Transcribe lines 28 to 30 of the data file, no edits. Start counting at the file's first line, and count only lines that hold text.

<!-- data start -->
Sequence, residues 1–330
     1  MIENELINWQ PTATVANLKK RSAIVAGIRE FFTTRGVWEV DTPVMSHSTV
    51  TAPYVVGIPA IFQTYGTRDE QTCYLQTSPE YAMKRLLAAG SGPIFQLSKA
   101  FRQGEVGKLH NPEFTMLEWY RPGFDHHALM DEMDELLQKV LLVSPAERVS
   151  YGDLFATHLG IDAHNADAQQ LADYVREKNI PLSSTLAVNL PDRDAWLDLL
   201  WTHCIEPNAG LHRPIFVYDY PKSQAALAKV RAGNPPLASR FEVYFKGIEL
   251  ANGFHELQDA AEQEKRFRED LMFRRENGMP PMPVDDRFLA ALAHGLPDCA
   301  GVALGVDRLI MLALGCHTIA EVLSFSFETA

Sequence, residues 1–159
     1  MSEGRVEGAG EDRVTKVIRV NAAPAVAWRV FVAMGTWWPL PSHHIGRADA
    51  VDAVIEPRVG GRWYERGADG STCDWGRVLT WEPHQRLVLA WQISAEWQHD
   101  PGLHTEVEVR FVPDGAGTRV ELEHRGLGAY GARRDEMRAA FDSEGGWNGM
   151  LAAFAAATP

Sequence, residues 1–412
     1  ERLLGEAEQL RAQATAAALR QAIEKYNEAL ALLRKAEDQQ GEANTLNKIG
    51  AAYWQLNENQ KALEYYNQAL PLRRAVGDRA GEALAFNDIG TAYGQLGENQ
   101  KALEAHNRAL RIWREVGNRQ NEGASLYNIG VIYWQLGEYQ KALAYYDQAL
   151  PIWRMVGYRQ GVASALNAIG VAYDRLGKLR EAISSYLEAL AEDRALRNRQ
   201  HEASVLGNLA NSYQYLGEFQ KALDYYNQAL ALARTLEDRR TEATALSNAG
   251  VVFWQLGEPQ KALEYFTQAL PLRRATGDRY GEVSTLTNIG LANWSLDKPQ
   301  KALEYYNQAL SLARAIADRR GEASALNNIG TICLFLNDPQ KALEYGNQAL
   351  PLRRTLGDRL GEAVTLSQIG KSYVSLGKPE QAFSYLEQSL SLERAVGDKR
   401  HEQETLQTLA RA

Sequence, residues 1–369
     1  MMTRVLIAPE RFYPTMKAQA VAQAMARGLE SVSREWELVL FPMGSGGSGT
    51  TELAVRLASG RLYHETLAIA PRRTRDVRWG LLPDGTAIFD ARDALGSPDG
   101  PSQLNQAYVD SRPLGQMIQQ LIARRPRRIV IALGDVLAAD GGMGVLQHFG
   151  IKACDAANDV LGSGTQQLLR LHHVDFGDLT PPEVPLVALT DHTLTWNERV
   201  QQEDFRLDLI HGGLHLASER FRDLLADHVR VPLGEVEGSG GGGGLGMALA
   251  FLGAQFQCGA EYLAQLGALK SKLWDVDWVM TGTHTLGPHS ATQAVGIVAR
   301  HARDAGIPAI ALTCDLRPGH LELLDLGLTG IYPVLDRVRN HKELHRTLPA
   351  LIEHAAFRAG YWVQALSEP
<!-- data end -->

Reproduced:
   151  IKACDAANDV LGSGTQQLLR LHHVDFGDLT PPEVPLVALT DHTLTWNERV
   201  QQEDFRLDLI HGGLHLASER FRDLLADHVR VPLGEVEGSG GGGGLGMALA
   251  FLGAQFQCGA EYLAQLGALK SKLWDVDWVM TGTHTLGPHS ATQAVGIVAR